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How Letters In English Dictate What The Word 'is?'


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A remarkable choice.  Not all writing systems’ alphabets have vowels, or are even phonetic. Some well-known phonetic ones that don’t are Hebrew and Arabic. Phonetic writing systems that don’t have vo

Brett, pgrmdave has nailed it. There is absolutely no evidence to support your speculation, but there is an enormous wealth of evidence about the origin and development of language in general and writ

Scribbles?

I will not ignore you because you are posting on a public forum that I participated in before you showed up.

 

I can't help you because I honestly don't know what you are trying to do.

 

All I do know is that you are proclaiming as fact something that is easily shown to be false.  I don't have anything to suggest because I don't honestly know what it is you are trying to do.  The claim that English letters have a specific significance in and of themselves is ludicrous.  You have failed, utterly, to show that to be the case.  I don't know what your ends are, but when your means are so easily shown to be laughably ludicrous, then I frankly don't care about supporting your ends.

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That entirely depends upon which "we" we are speaking.  Your goalposts are moving so fast that I can't keep up.  Are we still talking about English, or are we now talking about Korean?

 

Okay, you can be my heckler, but please don't get personal? ;)

 

Now, i suppose we can show that the way the lips are shaped will show which letter represents them. this is based on phonetics, where word's sounds are based on syllables. if we were to observe why a certain sound sounds that way, we could - us English speakers at least? or even all of mankind? - make a certain related sound for as to why we make that sound when we see that thing, touch that thing, or are affected by that thing?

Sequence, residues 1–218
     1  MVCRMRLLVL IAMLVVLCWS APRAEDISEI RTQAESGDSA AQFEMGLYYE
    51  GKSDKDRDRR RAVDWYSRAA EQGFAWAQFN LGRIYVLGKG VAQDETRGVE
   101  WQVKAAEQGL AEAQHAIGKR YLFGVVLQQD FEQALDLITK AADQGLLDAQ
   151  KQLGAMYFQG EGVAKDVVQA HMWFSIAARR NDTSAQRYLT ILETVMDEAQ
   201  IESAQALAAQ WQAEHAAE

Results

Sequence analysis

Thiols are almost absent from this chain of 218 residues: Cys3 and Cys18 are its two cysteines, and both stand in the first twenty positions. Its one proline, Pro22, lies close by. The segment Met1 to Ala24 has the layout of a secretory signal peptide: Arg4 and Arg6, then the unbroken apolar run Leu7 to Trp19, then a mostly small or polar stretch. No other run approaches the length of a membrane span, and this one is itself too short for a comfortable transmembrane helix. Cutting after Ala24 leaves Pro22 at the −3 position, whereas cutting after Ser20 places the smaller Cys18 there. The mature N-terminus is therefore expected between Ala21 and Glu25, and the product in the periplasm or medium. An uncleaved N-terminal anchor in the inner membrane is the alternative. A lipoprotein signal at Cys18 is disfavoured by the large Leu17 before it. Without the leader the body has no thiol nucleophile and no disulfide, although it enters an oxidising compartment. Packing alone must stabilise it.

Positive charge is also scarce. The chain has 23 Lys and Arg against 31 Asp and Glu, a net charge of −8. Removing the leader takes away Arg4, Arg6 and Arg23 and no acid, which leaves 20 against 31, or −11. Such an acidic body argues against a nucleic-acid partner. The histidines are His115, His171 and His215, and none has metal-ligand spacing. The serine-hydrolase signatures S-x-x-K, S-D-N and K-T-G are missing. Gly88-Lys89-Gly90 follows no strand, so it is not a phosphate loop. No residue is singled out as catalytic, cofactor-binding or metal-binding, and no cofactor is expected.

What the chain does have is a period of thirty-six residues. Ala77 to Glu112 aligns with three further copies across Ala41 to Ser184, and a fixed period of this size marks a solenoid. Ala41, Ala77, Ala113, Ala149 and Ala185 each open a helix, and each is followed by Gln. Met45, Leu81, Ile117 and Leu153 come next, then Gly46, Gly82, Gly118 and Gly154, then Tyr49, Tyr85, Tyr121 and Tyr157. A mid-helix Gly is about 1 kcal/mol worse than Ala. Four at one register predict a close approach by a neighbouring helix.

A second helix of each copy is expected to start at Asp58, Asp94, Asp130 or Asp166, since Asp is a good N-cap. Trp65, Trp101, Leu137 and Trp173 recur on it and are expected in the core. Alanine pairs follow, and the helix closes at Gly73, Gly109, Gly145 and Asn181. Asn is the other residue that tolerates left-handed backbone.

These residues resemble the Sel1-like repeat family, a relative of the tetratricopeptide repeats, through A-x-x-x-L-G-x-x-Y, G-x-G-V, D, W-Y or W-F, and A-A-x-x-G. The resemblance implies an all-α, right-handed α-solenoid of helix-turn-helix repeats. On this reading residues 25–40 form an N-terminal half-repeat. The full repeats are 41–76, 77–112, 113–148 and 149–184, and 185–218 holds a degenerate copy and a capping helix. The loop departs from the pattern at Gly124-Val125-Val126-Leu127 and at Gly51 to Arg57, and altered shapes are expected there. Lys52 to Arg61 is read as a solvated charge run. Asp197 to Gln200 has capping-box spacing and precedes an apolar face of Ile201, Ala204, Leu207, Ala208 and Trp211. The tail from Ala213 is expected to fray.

Is that better? sorry to drop and go so much, but when challenged about something i have only a foggy clue about, i tend to become more resourceful by opening the envelope more, so as to broaden the question or way of looking at the question, or, challenge.

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I will certainly be your heckler, though I hope to not be the only one.  When you state as fact that which is pure supposition, then you should expect to be confronted.  I suppose we've given up on the ruse of the great significance of the letter "s"?

 

The way the lips are shaped only shows the letter that represents them in scripts that are designed to do so.  In a language that is built around pictograms, such as Chinese, then the statement is meaningless, as the glyphs don't represent sounds.

 

I don't doubt you have but a foggy clue about which you are speaking, that much is clear.  What I don't understand is why you assert so much and ask so little.

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I will certainly be your heckler, though I hope to not be the only one.  When you state as fact that which is pure supposition, then you should expect to be confronted.  I suppose we've given up on the ruse of the great significance of the letter "s"?

 

The way the lips are shaped only shows the letter that represents them in scripts that are designed to do so.  In a language that is built around pictograms, such as Chinese, then the statement is meaningless, as the glyphs don't represent sounds.

 

I don't doubt you have but a foggy clue about which you are speaking, that much is clear.  What I don't understand is why you assert so much and ask so little.

 

Well, you have certainly showed me some new things.

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Well, you have certainly showed me some new things.

Honestly, this is a far better outcome then I could have imagined possible.  I am a largely ignorant lout.  When it comes to physics or chemistry I'm clueless.  I'm glad that whatever little knowledge I have may have been useful to you.